We have gathered the following New Jersey laws and statutes governing computer crimes. With the growing popularity of computer use, computers are increasingly playing a role in various criminal activities. The statutes provided below are meant only to serve as general information. If you have been charged under one of the following statutes, please contact Villani & DeLuca, P.C. at (732) 709-7757 for a free consultation.
Computer Crimes Laws in NJ:
- 2C:20-25. Computer crimes. – A computer crime is defined as deliberately accessing computer data, computer equipment or computer networks without proper authorization, for the purpose of criminal activity. Computer crimes are handled by the Cyber Crimes Unit (CCU) of the New Jersey State Police Computer Crimes and High Technology Surveillance Bureau (CC&HTSB). The CCU specializes in the investigation of computer crimes, such as identity theft, cyber terrorism and account hijacking.
- 2C:20-31. Wrongful computer access. – Wrongful access and disclosure of information involve accessing computers, computer equipment, data, data storage systems and software to obtain personally identifying information without authorization. The most serious charge is for the reckless disclosure of personal information that is protected from disclosure by law or court order. Such action is considered a second degree crime, and is punishable by an automatic prison sentence, with no eligibility for parole.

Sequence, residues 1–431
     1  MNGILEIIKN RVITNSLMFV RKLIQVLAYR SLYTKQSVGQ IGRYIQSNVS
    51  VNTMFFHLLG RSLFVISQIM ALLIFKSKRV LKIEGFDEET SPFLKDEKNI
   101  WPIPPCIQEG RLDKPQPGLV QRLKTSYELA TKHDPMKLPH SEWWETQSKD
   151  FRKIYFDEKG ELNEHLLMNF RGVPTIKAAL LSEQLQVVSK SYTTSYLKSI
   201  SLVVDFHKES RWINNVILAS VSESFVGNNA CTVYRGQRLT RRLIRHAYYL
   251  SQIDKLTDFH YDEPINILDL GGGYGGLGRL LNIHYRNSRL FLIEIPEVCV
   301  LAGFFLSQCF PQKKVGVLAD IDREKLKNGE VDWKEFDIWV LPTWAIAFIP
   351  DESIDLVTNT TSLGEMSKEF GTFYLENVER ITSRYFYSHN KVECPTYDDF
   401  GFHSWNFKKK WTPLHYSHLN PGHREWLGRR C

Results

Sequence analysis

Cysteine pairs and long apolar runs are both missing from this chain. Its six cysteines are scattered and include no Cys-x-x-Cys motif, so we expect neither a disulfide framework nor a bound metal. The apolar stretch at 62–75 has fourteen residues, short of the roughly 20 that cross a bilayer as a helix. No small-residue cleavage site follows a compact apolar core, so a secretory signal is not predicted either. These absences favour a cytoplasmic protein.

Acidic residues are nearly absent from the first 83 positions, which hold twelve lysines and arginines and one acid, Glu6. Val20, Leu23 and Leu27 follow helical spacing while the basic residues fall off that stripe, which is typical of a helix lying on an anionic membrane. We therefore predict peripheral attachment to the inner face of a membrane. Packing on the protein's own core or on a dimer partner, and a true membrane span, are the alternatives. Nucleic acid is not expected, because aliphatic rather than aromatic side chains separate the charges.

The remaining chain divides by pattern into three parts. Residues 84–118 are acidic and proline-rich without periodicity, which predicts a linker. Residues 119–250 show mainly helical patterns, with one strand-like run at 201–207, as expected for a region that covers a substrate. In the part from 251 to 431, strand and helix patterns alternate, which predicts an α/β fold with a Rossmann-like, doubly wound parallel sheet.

- 2C:20-33. Obtaining, copying, accessing program, software valued at $1,000 or less. – An individual may be prosecuted under 2C:20-33 for obtaining, accessing or copying any computer or software program valued at less than $1,000 without proper authorization. However, this charge is only applicable to perpetrators who did not disclose the data or program to any other individuals.
- 2C:20-34. Location of offense. – The situs, or site of a computer criminal activity refers to the location of the computer, equipment, network, or storage system at which the offense or damage occurred. The New Jersey State Police often locate computers through the device's Internet Protocol (IP) address in order to determine the site of criminal activity.